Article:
Corona treatment is a process where the surface of an item is changed through exposure to plasma. A coronal plasma discharge array, made of hundreds or thousands or small points of plasma, exposes the surface of a material to a special low-temperature plasma. This exposure alters the properties of the material, usually imparting properties that weren’t present before. Corona treatment is a safe and low-cost method of treating material surfaces and is used in hundreds of ways. One of the most common uses of coronal treatment is in preparing non-porous surfaces for printing or adhesion.
Plasma is a state of matter that occurs when a gas is exposed to an electrical current. The structure of the gas begins to break down into its constituent particles. This breakdown causes the gases to exhibit properties that they didn’t possess before and will often result in excess energy being bled off into the plasma’s surroundings. This energy bleed is usually heat or light and accounts for the glow from fluorescent lights and neon signs.
Corona plasma is created when an electrode is exposed to a non-enclosed system, such as open air. This electrode will charge the gas around it and create a small ball of plasma. This plasma will naturally move away from the electrode until it is far enough away that it recollects into normal gas. As the plasma moves, it creates convection, which pulls unaltered air closer to the electrode. This converts the new gas to plasma, making the corona area constant.
In order to harness this plasma for corona treatment, manufacturers use coronal discharge array. This is an area covered in electrodes, so when it is turned on, the coronas overlap and create a solid area of plasma. This is often set up so items can move through a corona plasma curtain on a conveyor belt.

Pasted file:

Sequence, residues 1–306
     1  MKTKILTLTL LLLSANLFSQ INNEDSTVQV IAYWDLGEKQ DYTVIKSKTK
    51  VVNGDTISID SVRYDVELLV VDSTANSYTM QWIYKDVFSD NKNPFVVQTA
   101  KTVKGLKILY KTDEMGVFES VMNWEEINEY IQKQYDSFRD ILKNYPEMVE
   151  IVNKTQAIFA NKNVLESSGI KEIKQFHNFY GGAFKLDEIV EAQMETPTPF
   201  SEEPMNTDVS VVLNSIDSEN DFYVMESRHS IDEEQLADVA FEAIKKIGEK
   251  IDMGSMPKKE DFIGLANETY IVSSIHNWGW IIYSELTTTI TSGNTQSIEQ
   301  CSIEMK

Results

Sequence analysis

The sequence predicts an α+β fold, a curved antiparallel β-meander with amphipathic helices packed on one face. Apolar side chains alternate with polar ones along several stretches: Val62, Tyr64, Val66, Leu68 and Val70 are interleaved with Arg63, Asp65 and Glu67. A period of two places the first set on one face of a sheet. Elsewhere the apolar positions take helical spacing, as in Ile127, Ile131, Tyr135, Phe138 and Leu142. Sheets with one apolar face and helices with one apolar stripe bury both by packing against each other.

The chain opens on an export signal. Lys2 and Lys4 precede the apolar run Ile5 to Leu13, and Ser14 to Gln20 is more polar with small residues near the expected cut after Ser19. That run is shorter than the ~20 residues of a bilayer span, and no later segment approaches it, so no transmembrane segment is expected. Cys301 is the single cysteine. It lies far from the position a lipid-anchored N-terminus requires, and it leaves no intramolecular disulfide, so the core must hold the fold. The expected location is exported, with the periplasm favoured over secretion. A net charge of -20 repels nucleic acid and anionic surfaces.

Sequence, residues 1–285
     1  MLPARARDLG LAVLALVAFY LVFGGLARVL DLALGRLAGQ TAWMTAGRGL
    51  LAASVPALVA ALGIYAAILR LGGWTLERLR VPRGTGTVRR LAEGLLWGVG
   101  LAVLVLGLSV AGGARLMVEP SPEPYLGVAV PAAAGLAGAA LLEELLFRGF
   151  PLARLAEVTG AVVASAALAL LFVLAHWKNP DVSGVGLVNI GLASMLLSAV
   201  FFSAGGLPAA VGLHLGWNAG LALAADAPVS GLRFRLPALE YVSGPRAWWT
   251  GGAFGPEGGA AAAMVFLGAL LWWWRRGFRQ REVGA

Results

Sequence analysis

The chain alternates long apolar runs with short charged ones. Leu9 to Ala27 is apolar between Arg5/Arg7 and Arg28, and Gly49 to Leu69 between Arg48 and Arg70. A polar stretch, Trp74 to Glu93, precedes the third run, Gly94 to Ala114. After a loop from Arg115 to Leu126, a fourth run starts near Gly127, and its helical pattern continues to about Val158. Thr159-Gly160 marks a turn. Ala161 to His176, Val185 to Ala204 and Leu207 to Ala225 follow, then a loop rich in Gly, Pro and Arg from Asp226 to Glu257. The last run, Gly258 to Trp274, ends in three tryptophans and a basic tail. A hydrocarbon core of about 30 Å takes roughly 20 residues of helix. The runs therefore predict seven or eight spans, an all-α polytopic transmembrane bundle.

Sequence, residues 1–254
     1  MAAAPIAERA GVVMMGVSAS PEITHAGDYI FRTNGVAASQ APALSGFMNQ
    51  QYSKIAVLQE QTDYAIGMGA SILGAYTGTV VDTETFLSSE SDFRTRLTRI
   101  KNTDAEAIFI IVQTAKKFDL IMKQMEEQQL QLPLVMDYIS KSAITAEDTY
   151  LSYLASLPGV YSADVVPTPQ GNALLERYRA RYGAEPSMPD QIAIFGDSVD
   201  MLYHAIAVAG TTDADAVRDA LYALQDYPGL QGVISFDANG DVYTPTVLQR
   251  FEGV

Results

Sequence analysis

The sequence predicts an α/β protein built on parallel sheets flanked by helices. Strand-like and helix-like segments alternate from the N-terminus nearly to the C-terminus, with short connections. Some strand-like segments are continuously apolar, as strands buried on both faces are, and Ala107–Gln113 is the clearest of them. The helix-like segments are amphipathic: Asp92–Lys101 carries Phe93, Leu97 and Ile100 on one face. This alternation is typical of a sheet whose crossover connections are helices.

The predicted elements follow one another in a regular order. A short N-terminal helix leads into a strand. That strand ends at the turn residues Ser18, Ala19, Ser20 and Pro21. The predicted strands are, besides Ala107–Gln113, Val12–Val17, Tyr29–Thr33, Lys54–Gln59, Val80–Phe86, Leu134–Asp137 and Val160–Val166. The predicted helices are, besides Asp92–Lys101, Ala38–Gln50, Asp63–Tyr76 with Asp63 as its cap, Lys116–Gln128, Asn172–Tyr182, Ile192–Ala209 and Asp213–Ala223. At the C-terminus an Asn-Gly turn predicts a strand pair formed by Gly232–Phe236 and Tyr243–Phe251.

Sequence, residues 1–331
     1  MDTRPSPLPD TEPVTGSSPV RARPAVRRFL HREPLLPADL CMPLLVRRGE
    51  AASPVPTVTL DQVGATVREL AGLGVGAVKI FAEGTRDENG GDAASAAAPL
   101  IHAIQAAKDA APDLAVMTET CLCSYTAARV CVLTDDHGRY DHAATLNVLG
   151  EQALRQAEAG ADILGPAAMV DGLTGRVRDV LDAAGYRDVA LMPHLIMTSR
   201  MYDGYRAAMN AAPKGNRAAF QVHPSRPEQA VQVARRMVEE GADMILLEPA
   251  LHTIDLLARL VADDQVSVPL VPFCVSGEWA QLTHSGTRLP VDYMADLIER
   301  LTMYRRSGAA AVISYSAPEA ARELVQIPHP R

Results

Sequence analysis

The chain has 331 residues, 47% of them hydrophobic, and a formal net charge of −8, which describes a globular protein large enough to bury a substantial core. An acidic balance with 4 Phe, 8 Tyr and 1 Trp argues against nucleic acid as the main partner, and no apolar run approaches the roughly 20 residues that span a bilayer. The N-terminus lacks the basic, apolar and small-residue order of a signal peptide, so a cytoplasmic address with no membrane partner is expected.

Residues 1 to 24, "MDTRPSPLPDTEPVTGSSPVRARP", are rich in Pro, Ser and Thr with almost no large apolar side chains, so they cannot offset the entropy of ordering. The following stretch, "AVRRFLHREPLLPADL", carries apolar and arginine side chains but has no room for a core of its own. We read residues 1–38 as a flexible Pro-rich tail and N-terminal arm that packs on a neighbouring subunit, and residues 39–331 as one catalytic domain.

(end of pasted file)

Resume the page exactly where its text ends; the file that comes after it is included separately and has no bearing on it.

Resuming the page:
Since corona treatment uses forms of plasma that exist at just higher than room temperature, it can be used on many different materials. Everything from paper to plastic to metal can undergo a coronal treatment. When an item is first manufactured, it is often exposed to coronal plasma, but the structure will often slowly move back to its original composition, so further exposure is occasionally needed.
The most common mass use of coronal treatment is with sheet plastic. Since plastics, such as polypropylene, are both chemically inert and non-porous, printing inks, adhesives and other common agents have no way to stick to them. The substances will simply slide off over time. Using corona treatment, the surfaces of these plastic are altered to accept certain types of common chemical bonds.